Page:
Side impact air bags can be a problem on patrol cars. Sometimes the prisoner cage gets in the way. Ford says that won't happen on the NGPI. Also, Ford believes that the side curtain air bags in some cars don't deploy fast enough for police operations, so the company has developed a side impact pressure sensor that according to Ford safety engineer Stephen Kozak triggers the air bags 30 to 40 percent faster than conventional systems.

That air bag pressure sensor reveals the level of detail and forethought that Ford has given to the safety features of the NGPI. Ford engineers were concerned that gun shots into the side panel might trigger the air bags and trap the officer during a gun fight. So the company set up a car on a firing range and asked the members of a police tactical unit to whale on it with everything in their arsenal, including full-auto MP5s and ARs and 12-gauge slugs. The engineers then took the pressure data from the impacts of each of those rounds and used it to calibrate the sensors. That job was much easier said than done according to Kozak, who said the pressure wave from the 12-gauge slugs was very similar to a vehicle impact.

Like the civilian Taurus, the NGPI offers two different drive trains: front-wheel drive and all-wheel drive. It also is available in two different engine configurations: a base 3.5-liter power plant and a 3.5-liter twin-turbocharged engine with direct injection. Both engines are relatively small but Ford says the base power plant offers better performance than the 4.6-liter V-8 Crown Vic. As for the twin turbo EcoBoost engine, it generates 365 horsepower, 115 more stallions than the V-8 Crown Vic. The EcoBoost runs on regular unleaded, but Corey Weaver, Ford EcoBoost engine engineer, said it gets better performance on premium. Weaver estimates that both engines will get 28 percent better gas mileage than the current Crown Vic. EPA ratings are not yet available.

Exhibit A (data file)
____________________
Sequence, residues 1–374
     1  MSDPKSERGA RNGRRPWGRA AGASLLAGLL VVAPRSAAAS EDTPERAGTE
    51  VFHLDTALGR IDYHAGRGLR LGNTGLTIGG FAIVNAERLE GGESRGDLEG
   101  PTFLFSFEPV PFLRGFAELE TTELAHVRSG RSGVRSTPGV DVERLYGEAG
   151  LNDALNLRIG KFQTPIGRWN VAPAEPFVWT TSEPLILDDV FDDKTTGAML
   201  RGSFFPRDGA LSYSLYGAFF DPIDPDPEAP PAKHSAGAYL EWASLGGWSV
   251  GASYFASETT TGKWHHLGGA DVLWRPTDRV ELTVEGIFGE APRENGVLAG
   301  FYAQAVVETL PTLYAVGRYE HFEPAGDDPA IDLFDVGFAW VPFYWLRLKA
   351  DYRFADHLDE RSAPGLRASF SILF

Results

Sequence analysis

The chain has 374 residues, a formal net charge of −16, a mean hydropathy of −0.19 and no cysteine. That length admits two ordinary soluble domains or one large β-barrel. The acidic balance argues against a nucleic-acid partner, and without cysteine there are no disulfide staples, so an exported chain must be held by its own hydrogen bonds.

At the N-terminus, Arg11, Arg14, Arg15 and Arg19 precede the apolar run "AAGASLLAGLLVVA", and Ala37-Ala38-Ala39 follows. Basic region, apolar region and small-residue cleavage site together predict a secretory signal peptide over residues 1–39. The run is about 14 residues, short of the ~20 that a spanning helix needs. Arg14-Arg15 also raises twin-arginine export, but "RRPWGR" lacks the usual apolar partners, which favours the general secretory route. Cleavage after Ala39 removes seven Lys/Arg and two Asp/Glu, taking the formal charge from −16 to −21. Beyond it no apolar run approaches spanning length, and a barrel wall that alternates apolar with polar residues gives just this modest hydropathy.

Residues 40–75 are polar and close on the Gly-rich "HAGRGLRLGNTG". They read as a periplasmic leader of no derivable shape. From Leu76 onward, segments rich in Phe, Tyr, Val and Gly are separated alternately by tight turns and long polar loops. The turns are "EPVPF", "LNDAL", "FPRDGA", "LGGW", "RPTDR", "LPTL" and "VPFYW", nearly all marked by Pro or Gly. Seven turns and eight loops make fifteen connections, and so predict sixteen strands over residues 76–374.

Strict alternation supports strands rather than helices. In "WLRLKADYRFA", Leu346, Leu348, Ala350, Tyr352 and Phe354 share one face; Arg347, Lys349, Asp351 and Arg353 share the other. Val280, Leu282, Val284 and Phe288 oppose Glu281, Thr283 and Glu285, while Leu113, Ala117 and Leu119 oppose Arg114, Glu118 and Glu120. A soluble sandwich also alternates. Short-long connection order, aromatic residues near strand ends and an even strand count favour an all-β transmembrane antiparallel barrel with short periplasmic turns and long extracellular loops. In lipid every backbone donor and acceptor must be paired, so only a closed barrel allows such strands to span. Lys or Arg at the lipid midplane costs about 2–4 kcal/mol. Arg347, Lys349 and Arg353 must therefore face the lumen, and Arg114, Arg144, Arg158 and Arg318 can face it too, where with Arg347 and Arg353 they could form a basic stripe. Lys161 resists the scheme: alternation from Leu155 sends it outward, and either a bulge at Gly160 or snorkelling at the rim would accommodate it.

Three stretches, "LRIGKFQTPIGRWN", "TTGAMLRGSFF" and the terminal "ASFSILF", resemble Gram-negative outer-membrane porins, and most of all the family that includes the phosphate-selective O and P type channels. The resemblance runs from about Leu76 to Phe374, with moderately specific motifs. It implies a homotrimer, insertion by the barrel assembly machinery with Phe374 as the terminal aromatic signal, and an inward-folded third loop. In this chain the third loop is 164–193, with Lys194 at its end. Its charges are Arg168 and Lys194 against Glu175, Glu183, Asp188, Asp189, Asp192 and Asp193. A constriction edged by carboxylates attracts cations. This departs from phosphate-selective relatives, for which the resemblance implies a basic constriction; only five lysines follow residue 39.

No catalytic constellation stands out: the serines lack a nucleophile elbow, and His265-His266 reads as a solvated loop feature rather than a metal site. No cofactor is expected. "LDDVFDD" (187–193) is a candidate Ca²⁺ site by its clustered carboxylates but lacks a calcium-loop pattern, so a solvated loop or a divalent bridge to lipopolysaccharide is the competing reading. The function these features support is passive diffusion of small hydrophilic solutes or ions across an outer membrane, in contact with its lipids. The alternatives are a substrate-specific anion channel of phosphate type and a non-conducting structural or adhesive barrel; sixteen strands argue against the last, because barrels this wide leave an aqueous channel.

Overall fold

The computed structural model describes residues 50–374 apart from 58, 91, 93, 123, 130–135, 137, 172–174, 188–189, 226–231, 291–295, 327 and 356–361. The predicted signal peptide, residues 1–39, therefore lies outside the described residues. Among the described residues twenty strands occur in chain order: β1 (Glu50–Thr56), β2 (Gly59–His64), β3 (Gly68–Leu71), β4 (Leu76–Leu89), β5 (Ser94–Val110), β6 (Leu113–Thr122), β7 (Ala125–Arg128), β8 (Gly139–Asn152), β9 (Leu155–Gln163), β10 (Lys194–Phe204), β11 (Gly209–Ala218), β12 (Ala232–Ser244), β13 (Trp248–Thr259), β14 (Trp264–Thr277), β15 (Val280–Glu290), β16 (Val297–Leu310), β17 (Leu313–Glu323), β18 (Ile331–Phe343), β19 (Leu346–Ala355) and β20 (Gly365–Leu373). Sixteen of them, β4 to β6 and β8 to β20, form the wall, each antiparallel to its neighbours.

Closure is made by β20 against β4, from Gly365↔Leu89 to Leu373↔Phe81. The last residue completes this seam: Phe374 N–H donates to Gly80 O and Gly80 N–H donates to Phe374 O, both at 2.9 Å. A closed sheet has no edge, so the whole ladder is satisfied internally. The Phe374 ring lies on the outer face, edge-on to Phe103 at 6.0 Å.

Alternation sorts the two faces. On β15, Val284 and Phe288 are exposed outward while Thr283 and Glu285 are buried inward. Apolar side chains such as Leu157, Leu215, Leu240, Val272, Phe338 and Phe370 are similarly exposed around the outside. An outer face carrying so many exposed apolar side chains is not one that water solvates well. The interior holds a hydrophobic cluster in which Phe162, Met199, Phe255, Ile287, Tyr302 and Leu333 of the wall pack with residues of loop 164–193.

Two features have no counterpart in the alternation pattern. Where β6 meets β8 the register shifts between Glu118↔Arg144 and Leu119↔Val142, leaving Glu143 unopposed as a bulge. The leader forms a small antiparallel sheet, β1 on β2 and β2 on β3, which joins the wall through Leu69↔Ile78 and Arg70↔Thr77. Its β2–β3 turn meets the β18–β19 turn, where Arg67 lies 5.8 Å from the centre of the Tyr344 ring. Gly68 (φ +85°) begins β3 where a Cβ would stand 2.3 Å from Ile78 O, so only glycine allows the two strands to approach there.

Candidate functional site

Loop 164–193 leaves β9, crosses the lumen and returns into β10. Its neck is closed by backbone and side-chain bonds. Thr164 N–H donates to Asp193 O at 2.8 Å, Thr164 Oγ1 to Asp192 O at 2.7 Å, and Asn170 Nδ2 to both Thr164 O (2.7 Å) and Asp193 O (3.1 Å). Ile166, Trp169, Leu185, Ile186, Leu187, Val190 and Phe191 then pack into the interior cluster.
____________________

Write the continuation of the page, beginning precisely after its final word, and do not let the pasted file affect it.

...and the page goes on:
In addition to all of the law enforcement specialty features that come standard on the NGPI, it will also be available with many of the luxury options from the civilian Taurus, including backup cameras, Ford's Blind Spot Information System, and voice control through the Sync system.

Overall the NGPI received rave reviews from the dozens of fleet managers gathered in Las Vegas for the unveiling. Some expressed concern about the vehicle because it is front-wheel drive, but Wyatt Earp, fleet director of the Marion County (Fla.) Sheriff's Office, dismissed such concerns. "The problem with front-wheel drive is that we're not trained for it," he said. "Once we've trained with it and used it, it will be OK."

Other officers had no concerns about the car. Lt. Keith Wilson of the Michigan State Police oversees the department's annual evaluation of police vehicles and he worked with Ford for two years on the company's Police Advisory Board during development of the NGPI. He is very satisfied with the final product. "No changes are needed on this design," Wilson said. "Ford is really moving forward into the future with this car and taking advantage of new technology."

Ford said the complete list of standard features and options has not been finalized. Pricing for the NGPI is expected to be comparable to the Crown Vic Police Interceptor. Production is scheduled to begin in 2011.